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FOR IMMEDIATE RELEASE
Wednesday, Sept. 10, 2014
Contact: Fred Glass, 510-579-3343
Li Lovett, 415-370-5279
ACCJC attempts to erase history with
Judge to issue statement after hearing
San Francisco—Today Judge Curtis Karnow heard arguments in San Francisco Superior Court in a hearing for summary adjudication of the suit filed by the City Attorney of San Francisco against the Accrediting Commission for Community and Junior Colleges. The purpose of the suit is to reverse the ACCJC’s decisions to place City College of San Francisco on “Show Cause” sanction in 2012 and pull its accreditation in 2013.
The judge, in his introductory remarks, characterized the dueling motions for summary judgment as “ships passing in the night.” During the presentations his meaning became clear, as Andrew Sclar, the ACCJC attorney, argued the court should dismiss the suit on legal, procedural technicalities, and Tom Lakritz, for the City Attorney, enumerated reasons why the Commission’s actions were unfair, unlawful, and should be reversed.
The ACCCJ lawyer also said that since these actions had taken place in the past, they could not be undone. He went on to say that the remedy sought by the City Attorney was already going to happen, since the college administration had accepted the offer, based on a new ACCJC policy of “restoration status,” and that under this new policy a new review team would be coming to CCSF in November.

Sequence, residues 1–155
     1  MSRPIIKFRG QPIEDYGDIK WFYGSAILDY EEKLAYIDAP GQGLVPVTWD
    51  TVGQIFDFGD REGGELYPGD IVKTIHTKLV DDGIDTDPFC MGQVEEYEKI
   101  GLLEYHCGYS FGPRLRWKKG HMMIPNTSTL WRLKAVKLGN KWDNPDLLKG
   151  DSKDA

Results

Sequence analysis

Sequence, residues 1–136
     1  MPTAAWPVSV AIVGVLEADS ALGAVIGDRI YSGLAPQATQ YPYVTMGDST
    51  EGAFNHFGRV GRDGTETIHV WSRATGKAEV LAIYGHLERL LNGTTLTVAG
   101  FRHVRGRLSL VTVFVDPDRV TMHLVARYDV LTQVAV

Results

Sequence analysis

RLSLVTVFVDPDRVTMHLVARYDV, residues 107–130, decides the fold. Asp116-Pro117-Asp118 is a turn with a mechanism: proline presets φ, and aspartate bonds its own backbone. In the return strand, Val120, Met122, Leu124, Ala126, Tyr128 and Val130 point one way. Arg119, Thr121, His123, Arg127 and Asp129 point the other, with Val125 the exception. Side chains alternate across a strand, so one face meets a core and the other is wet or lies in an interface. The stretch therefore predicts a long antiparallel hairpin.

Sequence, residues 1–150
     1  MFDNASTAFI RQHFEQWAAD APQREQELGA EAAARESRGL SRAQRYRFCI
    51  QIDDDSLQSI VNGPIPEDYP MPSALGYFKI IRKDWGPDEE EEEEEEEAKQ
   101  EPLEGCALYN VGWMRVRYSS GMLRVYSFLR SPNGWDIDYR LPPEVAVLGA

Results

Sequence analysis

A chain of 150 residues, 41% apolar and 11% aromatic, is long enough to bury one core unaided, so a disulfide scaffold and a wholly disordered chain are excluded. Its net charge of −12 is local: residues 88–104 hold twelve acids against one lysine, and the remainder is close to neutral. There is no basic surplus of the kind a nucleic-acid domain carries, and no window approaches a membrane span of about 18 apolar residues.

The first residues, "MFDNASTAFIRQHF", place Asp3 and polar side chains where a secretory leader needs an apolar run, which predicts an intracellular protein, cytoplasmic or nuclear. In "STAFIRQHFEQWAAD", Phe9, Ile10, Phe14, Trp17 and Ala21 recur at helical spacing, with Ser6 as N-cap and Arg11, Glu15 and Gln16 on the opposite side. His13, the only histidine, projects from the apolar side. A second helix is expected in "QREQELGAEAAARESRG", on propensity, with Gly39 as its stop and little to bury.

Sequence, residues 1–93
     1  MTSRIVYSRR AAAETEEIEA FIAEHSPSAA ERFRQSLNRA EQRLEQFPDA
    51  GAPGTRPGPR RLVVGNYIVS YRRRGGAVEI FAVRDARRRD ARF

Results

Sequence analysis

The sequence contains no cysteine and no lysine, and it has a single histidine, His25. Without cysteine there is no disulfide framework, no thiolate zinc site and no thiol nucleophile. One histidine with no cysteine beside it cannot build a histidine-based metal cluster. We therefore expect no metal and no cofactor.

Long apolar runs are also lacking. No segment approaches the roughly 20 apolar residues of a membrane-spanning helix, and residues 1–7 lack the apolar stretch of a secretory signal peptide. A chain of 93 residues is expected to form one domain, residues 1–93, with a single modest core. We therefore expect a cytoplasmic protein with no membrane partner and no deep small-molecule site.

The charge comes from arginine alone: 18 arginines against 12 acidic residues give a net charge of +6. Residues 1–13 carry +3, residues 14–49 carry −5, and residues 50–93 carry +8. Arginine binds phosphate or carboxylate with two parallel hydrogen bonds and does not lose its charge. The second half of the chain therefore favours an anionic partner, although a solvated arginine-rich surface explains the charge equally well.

Lakritz responded that the remedy was not the same; that ACCJC had inflicted harm with decisions based on a flawed, unfair, and illegal process and was likely to do so again in the future; and that the new review included instructions for the college in its self-evaluation to ignore any of the past actions that had been taken. Under restoration status, he said, the college was not in fact in the same situation as it would be if the judge returned the accreditation clock back to 2012 before the first ACCJC decision.
City College faculty union president Tim Killikelly, who attended the hearing, said, “The new process created for CCSF called 'Restoration Status' is part of the same illegal and unfair pattern of actions by the ACCJC. It treats CCSF differently compared to all other colleges.”
The judge asked many questions throughout of both parties. At the end he thanked everyone for their help. He said he had “learned a lot,” and will “get something out in writing” as soon as he can. If he does not choose to issue a ruling on all or some of the issues at stake, the suit will go to trial October 27.
AFT 2121 represents faculty, librarians, counselors and other certificated employees of City College of San Francisco. The CFT represents over 25,000 faculty in thirty community college districts, and 120,000 educational employees at every level of the education system, from Head Start to UC. More info: www.cft.org